Last week we held our annual Watty Bowes Society reception. Named after Watty Bowes, a long time supporter of our program, the Society consists of JSC’s leading donors and supporters. During the reception current corps member Reid Russom offered the following reflection on his time in the program thus far.
When people ask me what exactly it is that I’m doing this year, I always have trouble coming up with an elevator pitch that can explain why I am a part of Johnson Service Corps. I tell my friends that I wanted to move to a new city and try something new. I tell mentors that I’m taking a year for personal growth and spiritual exploration. I emphasize to my mom that the internship will look good on my resume, even if the paycheck doesn’t look as good in my bank account.
But all of these explanations feel deeply inadequate, since they’re missing the core of what it has meant to be a Johnson Service Corps Member so far. To me, JSC is unique because its concept of community not only serves as a model for service year programs, but it also represents an alternative way of life that has the potential to heal many of the wounds that scar our culture today.
Now, I know that I don’t have to sell the concept of intentional community to this room, but it is a big claim to say that JSC’s model can be an instrument of change in our culture. And certainly on days when the dishes are piling up in the sink or our community meetings stretch past my ideal bedtime, I doubt whether this intentional community thing is anything more than a way to get eleven strangers to put up with each other for a year. So, let me explain myself.
The dominant culture and the people currently in power benefit when we are afraid of engaging with each other and when we are distracted from the present moment. This is so pervasive we hardly notice it happening; at times my constant urge to check out and coast through the events happening around me – to stop noticing and to stop searching – overwhelms me and I can’t be in the present. This happens when I have a project coming up at work or when I show up to Friday morning Formation running low on sleep and patience. But this year has taught me to push back against that urge, to look deeply and intentionally at my life and the world around me and to find ways in which I can engage with the inner light of the people in my life rather than blind myself to it.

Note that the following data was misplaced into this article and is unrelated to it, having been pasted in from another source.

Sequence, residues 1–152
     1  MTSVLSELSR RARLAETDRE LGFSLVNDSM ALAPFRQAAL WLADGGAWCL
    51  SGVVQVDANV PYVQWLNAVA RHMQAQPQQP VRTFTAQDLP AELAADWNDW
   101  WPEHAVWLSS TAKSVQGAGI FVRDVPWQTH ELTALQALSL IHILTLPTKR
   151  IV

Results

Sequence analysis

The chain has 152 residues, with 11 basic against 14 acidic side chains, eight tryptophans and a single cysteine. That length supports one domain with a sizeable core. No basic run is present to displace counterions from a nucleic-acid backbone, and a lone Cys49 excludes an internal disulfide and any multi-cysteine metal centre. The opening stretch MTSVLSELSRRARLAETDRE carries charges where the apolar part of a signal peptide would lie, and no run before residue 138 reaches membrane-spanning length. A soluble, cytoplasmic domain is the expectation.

I’ve been sitting for the past few weeks with the Peace Prayer of St. Francis, which a friend of mine has on their desk and to which they return in moments of stress. If I can paraphrase the prayer for a moment, it goes a little like:
“Lord, make me an instrument of your peace:
where there is hatred, let me sow love;
where there is injury; pardon;
where there is sadness, joy”
And, perhaps most importantly,
“Where there is despair, hope.”
Through our year of intentional community, my fellow Corps Members and I have been put in situations time and again where we can be instruments of peace, whether that is in our houses, in our job placements, or in the world outside our program. Sometimes these moments have been small: a Christmas gift exchange where we were forced to get creative with a $10 budget, but still gave deeply personal and thoughtful gifts to each other. Others have the potential to be much larger, such as our upcoming Praxis service project, in which we’ll aim to impact a community in the Triangle.
Board members, JSC alumni, donors, and JSC Staff: each of you is here because you have chosen to be a part of this unique community. So, in the same way that all of you have so generously welcomed us to the Johnson Service Corps community this year, I extend the same invitation back: join us in building a community that pushes back against the hyper-individualism, the distraction, and the ladder-climbing obsession of our culture. Help us build a community that finds the Divine light in each of us. Help us be co-creators of justice and reconciliation in the world around us. Share in this journey with us. We can’t do it without you.
In that spirit I’m reminded of the final words of St. Francis’ prayer:
“Grant that I may not so much seek
to be consoled as to console,
to be understood as to understand,
to be loved as to love.
For it is in giving that we receive,
it is in pardoning that we are pardoned,
and it is in dying that we are born to eternal life.”
That is what this community means to me, and that is what I hope each of you can find here.